Despite being paralyzed from the waist down, Jacoby Miles has a powerful presence. The 15-year-old Rogers High School sophomore rolled her battery-powered wheelchair from her bedroom to the family room last week — months after a gymnastics accident left her without any movement in her lower extremities.
It’s been a whirlwind of treatment and family activities since last Nov. 16, when Miles was doing a double back dismount off the uneven parallel bars, a move she had performed many times. Miles got lost in the move, untucked early and landed on her neck at Roach Gymnastics in Sumner.
Doctors said her spinal cord was pinched but not severed. Miles’ family has been told only a miracle cure will allow Jacoby to walk again.
The Miles family’s busy schedule continues in addition to caring for the teenager. Rather than bring in a professional to care for Jacoby, they chose to have family members help her with daily routines, such as eating and brushing her teeth.
“It is important that the whole family gets dirty with it,” said Gretchen Miles, Jacoby’s mother. “We wanted everyone to feel this experience.”
Jacoby’s love for gymnastics began when she was about 7. She recalled first seeing the sport while she was going to the YMCA in Puyallup.
“I thought it was pretty cool,” she said with a smile. “I did it just for fun.”
She proved to be good enough and was asked to join the team. Her favorite exercise was the uneven parallel bars.
“In the beginning, it was super fun,” Jacoby said. “It was real easy, and I had a fun time.”
During the next eight years, Miles progressed to become a Level 7 gymnast.
Then came the accident.
Immediately afterward, Miles didn’t have any feeling in her arms or legs. Since then, treatment, physical therapy and a stem cell procedure have shown a little progress.
“She has regained all the doctors thought she would, and some,” Gretchen said.
When Miles’ parents arrived at the gym following the accident, they saw their daughter in complete control.
“She was so calm,” Gretchen recalled along with her husband, Jason.
Jacoby wasn’t able to move either arm at first, but now she can move her right arm.
“I still cannot feel my hands, but I can feel deep pressure,” she said.
“I normally feel pretty good,” Jacoby said. “But every other day, I have this nerve pain in my back. It feels like my back is on fire. So that isn’t a very pleasant feeling. It’s like the nerves are trying to fire.”
A physical therapist goes to the Miles home three days a week, for two hours a day, to provide what Jacoby described “vertical therapy.” Miles is regaining weight and muscle mass.
The stem cell procedure was performed in Tijuana, Mexico. Miles had stem cells removed from her bone marrow and inserted into her neck. The treatment was meant to speed her recovery and help repair the damaged area. Miles then received follow-up treatment in California.
She credits some of her progress to the treatment.
“When the accident first happened, everything was new,” Miles said. “So much to learn — wash my face, brush my teeth. As you go along, it gets easier. It is still hard, but you learn to cope with it more. There are good days, and there are bad days.”
Miles enjoys the times when she can return to Roach Gymnastics to work with young gymnasts. She can’t spot the young athletes, but Miles can offer verbal coaching. She also enjoys returning to hang out with her former team.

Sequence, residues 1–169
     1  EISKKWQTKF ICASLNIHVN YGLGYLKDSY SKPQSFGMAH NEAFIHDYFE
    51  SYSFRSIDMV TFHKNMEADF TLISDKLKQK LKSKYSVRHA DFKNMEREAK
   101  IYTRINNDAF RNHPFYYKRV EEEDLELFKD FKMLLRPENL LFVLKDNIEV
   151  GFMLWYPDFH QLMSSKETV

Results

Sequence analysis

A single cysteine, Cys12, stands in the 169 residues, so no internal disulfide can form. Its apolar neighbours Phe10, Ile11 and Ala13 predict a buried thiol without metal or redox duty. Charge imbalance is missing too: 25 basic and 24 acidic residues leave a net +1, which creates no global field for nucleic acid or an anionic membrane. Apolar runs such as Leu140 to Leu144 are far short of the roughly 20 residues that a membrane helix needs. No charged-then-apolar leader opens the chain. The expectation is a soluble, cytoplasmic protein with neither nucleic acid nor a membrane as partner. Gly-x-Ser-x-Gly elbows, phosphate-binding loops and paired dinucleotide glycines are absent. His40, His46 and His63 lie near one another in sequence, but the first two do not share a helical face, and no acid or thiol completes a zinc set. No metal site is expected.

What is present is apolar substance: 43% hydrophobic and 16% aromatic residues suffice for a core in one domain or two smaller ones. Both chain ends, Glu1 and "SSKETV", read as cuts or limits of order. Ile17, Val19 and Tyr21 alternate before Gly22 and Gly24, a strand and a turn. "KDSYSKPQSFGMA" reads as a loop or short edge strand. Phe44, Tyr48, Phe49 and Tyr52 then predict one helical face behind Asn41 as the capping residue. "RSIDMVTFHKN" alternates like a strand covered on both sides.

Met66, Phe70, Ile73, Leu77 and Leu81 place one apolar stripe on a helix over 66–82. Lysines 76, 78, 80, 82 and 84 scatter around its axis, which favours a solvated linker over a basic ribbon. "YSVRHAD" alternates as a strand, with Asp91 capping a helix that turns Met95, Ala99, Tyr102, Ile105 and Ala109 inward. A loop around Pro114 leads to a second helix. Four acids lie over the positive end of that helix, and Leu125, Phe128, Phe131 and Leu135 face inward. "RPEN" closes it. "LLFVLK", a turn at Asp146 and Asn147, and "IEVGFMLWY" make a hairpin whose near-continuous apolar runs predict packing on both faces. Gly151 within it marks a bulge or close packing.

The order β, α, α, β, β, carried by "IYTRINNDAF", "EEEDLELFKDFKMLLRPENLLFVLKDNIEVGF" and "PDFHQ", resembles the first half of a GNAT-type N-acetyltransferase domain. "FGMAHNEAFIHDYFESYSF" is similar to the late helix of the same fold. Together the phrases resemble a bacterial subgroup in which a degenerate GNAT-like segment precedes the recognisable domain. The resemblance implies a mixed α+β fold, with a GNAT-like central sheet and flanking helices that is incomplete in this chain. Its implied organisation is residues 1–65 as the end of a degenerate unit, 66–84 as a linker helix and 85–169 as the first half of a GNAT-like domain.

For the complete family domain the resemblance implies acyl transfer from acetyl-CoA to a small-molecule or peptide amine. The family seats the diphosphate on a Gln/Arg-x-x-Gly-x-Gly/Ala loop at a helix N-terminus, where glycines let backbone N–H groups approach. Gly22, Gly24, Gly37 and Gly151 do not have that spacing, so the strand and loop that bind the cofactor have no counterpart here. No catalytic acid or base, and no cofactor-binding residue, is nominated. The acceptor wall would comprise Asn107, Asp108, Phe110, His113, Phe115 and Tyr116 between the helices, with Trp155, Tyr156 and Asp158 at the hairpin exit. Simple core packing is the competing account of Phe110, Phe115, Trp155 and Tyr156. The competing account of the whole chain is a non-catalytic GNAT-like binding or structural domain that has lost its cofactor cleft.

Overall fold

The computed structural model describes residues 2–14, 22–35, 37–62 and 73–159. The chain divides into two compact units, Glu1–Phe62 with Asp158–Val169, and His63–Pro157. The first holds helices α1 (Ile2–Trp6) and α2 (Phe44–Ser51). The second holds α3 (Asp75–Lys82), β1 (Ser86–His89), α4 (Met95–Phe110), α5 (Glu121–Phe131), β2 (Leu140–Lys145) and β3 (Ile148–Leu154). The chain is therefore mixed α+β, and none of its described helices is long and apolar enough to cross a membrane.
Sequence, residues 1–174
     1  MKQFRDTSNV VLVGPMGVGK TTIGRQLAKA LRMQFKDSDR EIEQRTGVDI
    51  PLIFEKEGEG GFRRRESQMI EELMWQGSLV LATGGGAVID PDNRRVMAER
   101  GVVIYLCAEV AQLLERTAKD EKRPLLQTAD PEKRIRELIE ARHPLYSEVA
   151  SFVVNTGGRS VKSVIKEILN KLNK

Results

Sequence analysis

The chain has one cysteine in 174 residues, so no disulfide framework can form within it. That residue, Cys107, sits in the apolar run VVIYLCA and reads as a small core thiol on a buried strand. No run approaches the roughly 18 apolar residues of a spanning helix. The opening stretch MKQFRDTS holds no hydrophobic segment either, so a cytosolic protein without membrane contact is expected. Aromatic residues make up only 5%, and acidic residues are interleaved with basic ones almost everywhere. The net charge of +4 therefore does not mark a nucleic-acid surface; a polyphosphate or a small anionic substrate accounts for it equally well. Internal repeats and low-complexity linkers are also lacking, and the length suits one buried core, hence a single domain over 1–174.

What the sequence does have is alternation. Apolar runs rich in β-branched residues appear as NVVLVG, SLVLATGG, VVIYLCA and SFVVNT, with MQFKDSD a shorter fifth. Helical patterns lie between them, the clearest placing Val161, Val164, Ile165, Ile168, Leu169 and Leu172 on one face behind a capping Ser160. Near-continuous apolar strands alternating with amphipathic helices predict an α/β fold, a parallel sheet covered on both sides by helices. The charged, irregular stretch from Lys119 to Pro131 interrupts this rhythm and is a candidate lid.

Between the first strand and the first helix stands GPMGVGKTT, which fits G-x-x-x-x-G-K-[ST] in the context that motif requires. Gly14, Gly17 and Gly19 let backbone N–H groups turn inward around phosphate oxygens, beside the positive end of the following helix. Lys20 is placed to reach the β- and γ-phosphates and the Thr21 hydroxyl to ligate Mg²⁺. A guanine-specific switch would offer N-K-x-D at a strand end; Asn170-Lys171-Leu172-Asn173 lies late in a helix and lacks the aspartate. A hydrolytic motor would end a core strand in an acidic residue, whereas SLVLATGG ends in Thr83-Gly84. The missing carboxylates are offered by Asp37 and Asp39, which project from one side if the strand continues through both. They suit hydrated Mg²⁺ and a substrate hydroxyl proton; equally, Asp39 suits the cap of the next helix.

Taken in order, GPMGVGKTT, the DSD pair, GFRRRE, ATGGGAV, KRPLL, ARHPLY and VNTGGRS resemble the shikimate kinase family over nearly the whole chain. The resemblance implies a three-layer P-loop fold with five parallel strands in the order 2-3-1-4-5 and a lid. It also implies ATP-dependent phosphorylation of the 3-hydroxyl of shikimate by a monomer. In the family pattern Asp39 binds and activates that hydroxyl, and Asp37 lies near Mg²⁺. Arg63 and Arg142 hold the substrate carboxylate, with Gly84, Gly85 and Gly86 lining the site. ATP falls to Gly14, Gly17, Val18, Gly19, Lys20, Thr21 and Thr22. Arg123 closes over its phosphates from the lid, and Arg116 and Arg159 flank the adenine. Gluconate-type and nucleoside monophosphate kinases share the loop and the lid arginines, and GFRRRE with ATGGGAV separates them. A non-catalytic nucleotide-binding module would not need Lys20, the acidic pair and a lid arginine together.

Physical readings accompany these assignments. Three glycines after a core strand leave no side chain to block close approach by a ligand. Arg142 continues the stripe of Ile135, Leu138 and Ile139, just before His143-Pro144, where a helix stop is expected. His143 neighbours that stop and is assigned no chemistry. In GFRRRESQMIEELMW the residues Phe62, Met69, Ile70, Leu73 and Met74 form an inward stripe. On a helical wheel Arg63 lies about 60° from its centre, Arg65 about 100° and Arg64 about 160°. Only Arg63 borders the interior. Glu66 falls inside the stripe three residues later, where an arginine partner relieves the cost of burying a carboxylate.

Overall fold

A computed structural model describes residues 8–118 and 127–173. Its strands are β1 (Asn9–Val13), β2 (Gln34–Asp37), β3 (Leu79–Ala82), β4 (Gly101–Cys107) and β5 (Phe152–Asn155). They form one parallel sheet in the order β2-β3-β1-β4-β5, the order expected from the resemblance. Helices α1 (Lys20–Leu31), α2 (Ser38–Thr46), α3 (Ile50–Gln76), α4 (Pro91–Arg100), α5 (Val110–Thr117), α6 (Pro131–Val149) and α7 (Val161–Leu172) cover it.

Gretchen said the community reaction from friends, churches and fellow athletes has been amazing.
“It has really opened our eyes to how good God is,” Gretchen said.
Jacoby’s bedroom is filled with posters, photos and other gifts from a variety of people. Autographs from Olympic athletes are proudly displayed, and a framed photo of a Navy Seals team stationed in Afghanistan is hung in her room. Olympic gymnast Kerri Strug sent her a pair of vault shoes she used during the 1996 Olympic Games in Atlanta.
Nastia Liukin, the 2008 Olympic gold medalist who now lives in New York, spoke to Jacoby by phone while Jacoby was in the hospital, and Liukin has sent gifts to her, including a New York Yankees baseball cap.
Seattle Seahawks quarterback Russell Wilson gave the family an autographed photograph.
“The love that others have shown us has blown us away,” Gretchen said.
A 2013 Toyota Sienna van and a wheelchair lift were donated. An auction last December, attended by 12 Olympian athletes, raised $180,000.
Melanie Roach, a former Olympic weightlifter and the author of a newly published book, “Lift: Enjoying the Journey of Life,” is donating proceeds to Miles.
The Seattle Gymnastics Academy sends the family $1,000 every month.
Roach said more fundraisers are scheduled, including the first Jacoby Miles Classic on Oct. 5 at Roach Gymnastics and Cheer. For more information, visit www.goteamjacoby.com.
Meanwhile, many volunteers added about 1,400 square feet to the Miles family home. The materials and labor were all donated.
“They have been amazing,” Gretchen said.
Jacoby has completed math and science requirements from her classes at Ballou Junior High School this summer, and she’s looking forward to taking a full set of classes next month at Rogers High.
Jacoby and her parents believe she will be healed.
“I trust that I will walk again,” she said. “That is the mindset you have to have.”
Gretchen agrees but understands why doctors have told them it will take a miracle for Jacoby to walk.
“You see situations all of the time where doctors are telling people they won’t walk again (yet they do),” Gretchen said. “No one can tell another person they will never walk again. That is not for them to decide.”Tom McCrady is a freelance reporter for the Herald.